Boston College Libraries Faculty Newsletter

VOLUME 6   NUMBER 1

FALL 2004

Beyond Google: Teaching Students the Meaning of Research

Is “Google Scholar” An Oxymoron?

Google ScholarGoogle Scholar is a new pilot search engine designed “to search specifically for scholarly literature, including peer-reviewed papers, theses, books, preprints, abstracts and technical reports from all broad areas of research.”

What will be the impact of Google Scholar on students' research habits? Will they find more relevant material than in a regular Google search while becoming even less likely to search better, but less convenient, print and
electronic resources?

Check out Google Scholar and submit your thoughts to the BC Libraries.

Google and other search engines have opened access to a wealth of information unimaginable just a few years ago. But do your students know when and how to do more than simple "Googling?" Do they engage in "conversation" with scholars and their ideas as found in books, journals, and, yes, on the Web?

 

As part of an effort to enhance the library research instructional program, the BC Libraries recently surveyed faculty in several departments to get their perspective on the quality of students' research in the Internet Age. The survey was part of the Libraries' ongoing effort to understand and improve students' "information competency" through instruction, individual consultations, and collaboration with faculty. Here is some of what we heard.

 

"Some students seem to think Google is the ONLY place to go," said a faculty member from the English Department. "MLA and other databases (not to mention good old-fashioned bound books in actual stacks in an actual bricks and mortar building) sometimes don't seem to cross their radar screens without a bit of prompting."

 

A Psychology faculty member stated "Sadly, I suspect that many are just 'lazy' about doing the investigative work that goes into a research project. It would be useful to stress to students that this 'hard investigative work' is part of the research process, so that they know that they should perhaps be investigating more than they often do."

 

"Students certainly find Google seductive," said a First Year Writing Seminar instructor. "I think one way to move beyond it is to engage with it directly. In other words, show them how a search engine works and the kinds of the things you can expect to get from it (or can't). Then move beyond it to other databases, books, and other resources."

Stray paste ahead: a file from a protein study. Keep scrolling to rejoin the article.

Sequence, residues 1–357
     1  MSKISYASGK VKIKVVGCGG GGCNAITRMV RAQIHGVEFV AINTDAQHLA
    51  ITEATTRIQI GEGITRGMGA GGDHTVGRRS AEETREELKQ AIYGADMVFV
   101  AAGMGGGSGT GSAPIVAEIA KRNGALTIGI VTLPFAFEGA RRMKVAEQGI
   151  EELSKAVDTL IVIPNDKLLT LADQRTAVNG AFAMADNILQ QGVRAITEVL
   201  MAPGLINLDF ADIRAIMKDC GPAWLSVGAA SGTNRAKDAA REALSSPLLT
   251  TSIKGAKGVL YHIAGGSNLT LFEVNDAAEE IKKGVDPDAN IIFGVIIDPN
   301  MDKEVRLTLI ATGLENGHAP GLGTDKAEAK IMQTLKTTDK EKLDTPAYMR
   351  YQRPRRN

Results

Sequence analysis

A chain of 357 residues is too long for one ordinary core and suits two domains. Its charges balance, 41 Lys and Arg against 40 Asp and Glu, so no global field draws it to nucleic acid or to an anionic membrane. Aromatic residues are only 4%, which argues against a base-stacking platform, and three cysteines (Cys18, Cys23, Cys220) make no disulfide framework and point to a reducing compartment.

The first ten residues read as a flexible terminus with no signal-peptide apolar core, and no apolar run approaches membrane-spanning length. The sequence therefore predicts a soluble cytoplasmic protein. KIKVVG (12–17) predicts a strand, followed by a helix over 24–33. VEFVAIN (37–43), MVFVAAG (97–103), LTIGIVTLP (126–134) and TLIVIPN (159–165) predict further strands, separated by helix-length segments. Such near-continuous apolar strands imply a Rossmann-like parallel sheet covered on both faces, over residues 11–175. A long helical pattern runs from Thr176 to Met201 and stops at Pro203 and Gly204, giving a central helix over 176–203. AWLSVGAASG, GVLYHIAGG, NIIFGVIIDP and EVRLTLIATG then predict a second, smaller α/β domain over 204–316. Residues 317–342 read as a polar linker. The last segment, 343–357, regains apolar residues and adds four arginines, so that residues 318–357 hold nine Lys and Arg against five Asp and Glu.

Several faculty members said the problem is not just where students search, but how they search and what they do with the results. "As we all know, there's a huge divide between information, and what constitutes actual research vis-à-vis a problem being solved," said a Carroll School of Management faculty member. "With the ease of access that the Internet has provided, unfortunately, an increasing subset of students occasionally looks to research as more of a check-off-the-box exercise."

 

"They have the ability to find research or data-based articles but the quality of their papers are often poor from the perspective of being able to synthesize the information," commented a Nursing faculty member. "There is a tendency to just list what they find rather than thinking through what they find and presenting cogent arguments or positions."

 

Research instruction, from faculty and librarians, was seen by many as essential. Last year alone librarians conducted 316 sessions for 12,070 students in various Boston College departments. "By going through BC library staff, they learn how to do EFFECTIVE research and get to a robust conclusion, rather than simply finding information," said a CSOM faculty member.

 

In an effort to expand the benefits of library research instruction, the BC Libraries are working to implement standard based instructional programs defined in part by the Association of College and Research Libraries Information Literacy Competency Standards for Higher Education.

 

"At the undergraduate level, I think they often need guidance navigating what is, by anyone's standards, an incredibly complex web of information," added an English Professor. "This help needs to come at every level, from how to find good information, to how to cite Internet sources, etc. With that guidance, they do quite well in my experience; the end results are, by and large, strong examples of responsible research."

 

Librarians are available to partner with faculty in the effort to guide and educate students to critically evaluate their information needs and develop effective research strategies. For more information on working with BC librarians on improving student research, contact your library subject specialist.


Questions, comments? Contact the BC Libraries Newsletter Review Board.